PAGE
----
[Show abstract][Hide abstract] ABSTRACT: Background:
Despite evidence of an association between variants at the apolipoprotein L1 gene (APOL1) locus and a spectrum of related kidney diseases, underlying biological mechanisms remain unknown. An earlier preliminary study published by our group showed that an APOL1 variant (rs73885319) modified the association between high-density lipoprotein cholesterol (HDLC) and estimated glomerular filtration rate (eGFR) in African Americans. To further understand this relationship, we evaluated the interaction in two additional large cohorts of African Americans for a total of 3,592 unrelated individuals from the Howard University Family Study (HUFS), the Natural History of APOL1-Associated Nephropathy Study (NHAAN), and the Atherosclerosis Risk in Communities Study (ARIC). The association between HDLC and eGFR was determined using linear mixed models, and the interaction between rs73885319 genotype and HDLC was evaluated using a multiplicative term.
Among individuals homozygous for the risk genotype, a strong inverse HDLC-eGFR association was observed, with a positive association in others (p for the interaction of the rs73885319 × HDLC =0.0001). The interaction was similar in HUFS and NHAAN, and attenuated in ARIC. Given that ARIC participants were older, we investigated an age effect; age was a significant modifier of the observed interaction. When older individuals were excluded, the interaction in ARIC was similar to that in the other studies.
Based on these findings, it is clear that the relationship between HDLC and eGFR is strongly influenced by the APOL1 rs73885319 kidney risk genotype. Moreover, the degree to which this variant modifies the association may depend on the age of the individual. More detailed physiological studies are warranted to understand how rs73885319 may affect the relationship between HDLC and eGFR in individuals with and without disease and across the lifespan.
[Show abstract][Hide abstract] ABSTRACT: Leptin is abnormally elevated in the plasma of patients with systemic lupus erythematosus (SLE), where it is thought to promote and/or sustain pro-inflammatory responses. Whether this association could reflect an increased genetic susceptibility to develop SLE is not known, and studies of genetic associations with leptin-related polymorphisms in SLE patients have been so far inconclusive. Here we genotyped DNA samples from 15,706 SLE patients and healthy matched controls from four different ancestral groups, to correlate polymorphisms of genes of the leptin pathway to risk for SLE. It was found that although several SNPs showed weak associations, those associations did not remain significant after correction for multiple testing. These data do not support associations between defined leptin-related polymorphisms and increased susceptibility to develop SLE.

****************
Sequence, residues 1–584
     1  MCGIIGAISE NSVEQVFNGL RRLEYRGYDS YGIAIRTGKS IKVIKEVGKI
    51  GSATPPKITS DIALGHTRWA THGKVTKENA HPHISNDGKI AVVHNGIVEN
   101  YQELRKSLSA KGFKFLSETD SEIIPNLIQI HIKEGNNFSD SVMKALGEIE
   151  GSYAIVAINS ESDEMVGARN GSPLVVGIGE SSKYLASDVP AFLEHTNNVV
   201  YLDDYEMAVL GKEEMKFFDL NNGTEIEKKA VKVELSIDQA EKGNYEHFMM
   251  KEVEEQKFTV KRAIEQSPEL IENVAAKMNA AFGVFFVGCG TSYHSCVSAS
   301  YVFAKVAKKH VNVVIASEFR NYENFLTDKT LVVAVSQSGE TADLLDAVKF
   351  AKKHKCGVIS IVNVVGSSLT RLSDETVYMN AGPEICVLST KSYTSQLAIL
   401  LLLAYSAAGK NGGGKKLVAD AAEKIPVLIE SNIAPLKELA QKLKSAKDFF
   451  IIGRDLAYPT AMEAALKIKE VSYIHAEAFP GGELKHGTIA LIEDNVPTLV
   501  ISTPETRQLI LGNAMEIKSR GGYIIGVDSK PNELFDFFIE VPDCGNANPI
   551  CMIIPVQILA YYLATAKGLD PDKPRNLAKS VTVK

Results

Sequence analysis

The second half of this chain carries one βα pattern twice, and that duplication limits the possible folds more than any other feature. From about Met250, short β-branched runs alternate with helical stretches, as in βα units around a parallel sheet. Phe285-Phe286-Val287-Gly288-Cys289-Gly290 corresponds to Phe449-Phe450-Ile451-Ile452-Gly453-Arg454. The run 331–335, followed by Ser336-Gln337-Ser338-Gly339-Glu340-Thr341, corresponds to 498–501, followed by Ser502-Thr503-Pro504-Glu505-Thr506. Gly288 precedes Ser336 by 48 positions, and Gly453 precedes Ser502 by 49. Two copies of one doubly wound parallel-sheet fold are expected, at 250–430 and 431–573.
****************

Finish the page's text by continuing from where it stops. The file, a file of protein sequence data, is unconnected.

[Show abstract][Hide abstract] ABSTRACT: Objectives:
Relative to European Americans, African Americans manifest lower levels of computed tomography-based calcified atherosclerotic plaque (CP), a measure of subclinical cardiovascular disease (CVD). Potential relationships between CP and cerebral structure are poorly defined in the African American population. We assessed associations among glycemic control, inflammation, and CP with cerebral structure on MRI and with cognitive performance in 268 high-risk African Americans with type 2 diabetes.
Research design and methods:
Associations among hemoglobin A1c (HbA1c), C-reactive protein (CRP), and CP in coronary arteries, carotid arteries, and the aorta with MRI volumetric analysis (white matter volume, gray matter volume [GMV], cerebrospinal fluid volume, and white matter lesion volume) were assessed using generalized linear models adjusted for age, sex, African ancestry proportion, smoking, BMI, use of statins, HbA1c level, hypertension, and prior CVD.
Participants were 63.4% female with mean (SD) age of 59.8 years (9.2 years), diabetes duration of 14.5 years (7.6 years), HbA1c level of 7.95% (1.9%), estimated glomerular filtration rate of 86.7 mL/min/1.73 m(2) (24.6 mL/min/1.73 m(2)), and coronary artery CP mass score of 215 mg (502 mg). In fully adjusted models, GMV was inversely associated with coronary artery CP (parameter estimate [β] -0.47 [SE 0.15], P = 0.002; carotid artery CP (β -1.92 [SE 0.62], P = 0.002; and aorta CP [β -0.10 [SE 0.03] P = 0.002); whereas HbA1c and CRP levels did not associate with cerebral volumes. Coronary artery CP also associated with poorer global cognitive function on the Montreal Cognitive Assessment.
Subclinical atherosclerosis was associated with smaller GMV and poorer cognitive performance in African Americans with diabetes. Cardioprotective strategies could preserve GMV and cognitive function in high-risk African Americans with diabetes.
Diabetes care 09/2015; DOI:10.2337/dc15-1035 · 8.42 Impact Factor
[Show abstract][Hide abstract] ABSTRACT: Background:
In African Americans (AAs), APOL1 G1 and G2 nephropathy risk variants are associated with non-diabetic end-stage kidney disease (ESKD) in an autosomal recessive pattern. Additional risk and protective genetic variants may be present near the APOL1 loci, since earlier age ESKD is observed in some AAs with one APOL1 renal-risk variant, and because the adjacent gene MYH9 is associated with nephropathy in populations lacking G1 and G2 variants.